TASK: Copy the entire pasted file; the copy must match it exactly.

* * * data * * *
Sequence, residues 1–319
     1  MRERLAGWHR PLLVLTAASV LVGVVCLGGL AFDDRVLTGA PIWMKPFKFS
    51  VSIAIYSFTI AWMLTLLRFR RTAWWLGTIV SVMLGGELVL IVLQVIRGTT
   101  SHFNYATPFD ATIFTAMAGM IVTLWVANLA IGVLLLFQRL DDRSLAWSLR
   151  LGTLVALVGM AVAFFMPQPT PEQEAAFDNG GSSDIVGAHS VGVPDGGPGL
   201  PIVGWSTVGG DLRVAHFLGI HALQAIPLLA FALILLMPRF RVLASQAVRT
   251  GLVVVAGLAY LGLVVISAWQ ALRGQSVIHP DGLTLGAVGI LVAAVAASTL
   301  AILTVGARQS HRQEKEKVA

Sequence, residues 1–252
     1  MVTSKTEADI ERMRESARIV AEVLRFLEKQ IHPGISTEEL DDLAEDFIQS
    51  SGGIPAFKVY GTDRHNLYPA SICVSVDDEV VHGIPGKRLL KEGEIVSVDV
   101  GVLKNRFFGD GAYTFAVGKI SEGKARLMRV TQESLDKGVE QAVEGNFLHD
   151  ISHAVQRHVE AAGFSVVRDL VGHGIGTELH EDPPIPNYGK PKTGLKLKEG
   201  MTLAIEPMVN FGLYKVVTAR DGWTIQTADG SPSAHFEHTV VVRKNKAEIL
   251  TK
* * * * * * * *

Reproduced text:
Sequence, residues 1–319
     1  MRERLAGWHR PLLVLTAASV LVGVVCLGGL AFDDRVLTGA PIWMKPFKFS
    51  VSIAIYSFTI AWMLTLLRFR RTAWWLGTIV SVMLGGELVL IVLQVIRGTT
   101  SHFNYATPFD ATIFTAMAGM IVTLWVANLA IGVLLLFQRL DDRSLAWSLR
   151  LGTLVALVGM AVAFFMPQPT PEQEAAFDNG GSSDIVGAHS VGVPDGGPGL
   201  PIVGWSTVGG DLRVAHFLGI HALQAIPLLA FALILLMPRF RVLASQAVRT
   251  GLVVVAGLAY LGLVVISAWQ ALRGQSVIHP DGLTLGAVGI LVAAVAASTL
   301  AILTVGARQS HRQEKEKVA

Sequence, residues 1–252
     1  MVTSKTEADI ERMRESARIV AEVLRFLEKQ IHPGISTEEL DDLAEDFIQS
    51  SGGIPAFKVY GTDRHNLYPA SICVSVDDEV VHGIPGKRLL KEGEIVSVDV
   101  GVLKNRFFGD GAYTFAVGKI SEGKARLMRV TQESLDKGVE QAVEGNFLHD
   151  ISHAVQRHVE AAGFSVVRDL VGHGIGTELH EDPPIPNYGK PKTGLKLKEG
   201  MTLAIEPMVN FGLYKVVTAR DGWTIQTADG SPSAHFEHTV VVRKNKAEIL
   251  TK